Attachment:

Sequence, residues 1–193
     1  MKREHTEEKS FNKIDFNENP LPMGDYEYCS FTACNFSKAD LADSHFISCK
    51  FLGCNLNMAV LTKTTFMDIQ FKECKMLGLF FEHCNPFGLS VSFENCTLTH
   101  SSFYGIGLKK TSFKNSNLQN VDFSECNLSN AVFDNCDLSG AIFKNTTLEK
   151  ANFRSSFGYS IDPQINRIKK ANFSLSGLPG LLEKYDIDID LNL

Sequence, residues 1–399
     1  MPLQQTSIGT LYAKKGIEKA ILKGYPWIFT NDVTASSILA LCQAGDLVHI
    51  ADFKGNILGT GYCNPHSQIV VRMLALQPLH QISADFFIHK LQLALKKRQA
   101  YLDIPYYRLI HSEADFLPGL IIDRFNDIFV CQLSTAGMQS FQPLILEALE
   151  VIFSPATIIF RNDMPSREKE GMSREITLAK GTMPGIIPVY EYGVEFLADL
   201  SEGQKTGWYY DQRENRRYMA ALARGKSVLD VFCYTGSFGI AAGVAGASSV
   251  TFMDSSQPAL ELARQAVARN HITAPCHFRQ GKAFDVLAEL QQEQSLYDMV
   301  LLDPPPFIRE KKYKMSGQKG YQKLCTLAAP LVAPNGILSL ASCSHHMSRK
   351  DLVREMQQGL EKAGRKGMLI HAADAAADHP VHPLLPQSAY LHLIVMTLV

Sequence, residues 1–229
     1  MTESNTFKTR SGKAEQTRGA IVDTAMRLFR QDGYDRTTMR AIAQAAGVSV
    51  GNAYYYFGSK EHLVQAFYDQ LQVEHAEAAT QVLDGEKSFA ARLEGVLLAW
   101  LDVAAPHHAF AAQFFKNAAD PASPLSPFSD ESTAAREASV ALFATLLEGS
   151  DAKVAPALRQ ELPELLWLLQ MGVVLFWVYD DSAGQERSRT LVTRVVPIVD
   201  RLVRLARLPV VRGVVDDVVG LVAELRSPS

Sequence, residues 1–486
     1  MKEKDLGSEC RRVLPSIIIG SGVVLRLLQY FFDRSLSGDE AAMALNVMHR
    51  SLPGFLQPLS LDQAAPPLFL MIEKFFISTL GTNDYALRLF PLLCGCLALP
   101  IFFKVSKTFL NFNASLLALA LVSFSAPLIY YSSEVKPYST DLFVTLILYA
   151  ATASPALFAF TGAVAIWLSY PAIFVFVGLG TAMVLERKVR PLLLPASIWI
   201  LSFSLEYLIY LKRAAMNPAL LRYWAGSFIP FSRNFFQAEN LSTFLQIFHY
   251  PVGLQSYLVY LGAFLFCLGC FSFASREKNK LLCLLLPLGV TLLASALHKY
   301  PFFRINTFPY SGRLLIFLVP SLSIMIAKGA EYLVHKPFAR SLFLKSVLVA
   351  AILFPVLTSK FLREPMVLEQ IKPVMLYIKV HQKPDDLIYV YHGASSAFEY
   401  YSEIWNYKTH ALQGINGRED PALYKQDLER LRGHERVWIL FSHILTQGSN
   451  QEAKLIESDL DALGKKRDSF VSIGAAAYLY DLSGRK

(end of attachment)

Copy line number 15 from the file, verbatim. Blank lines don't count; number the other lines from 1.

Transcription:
Sequence, residues 1–229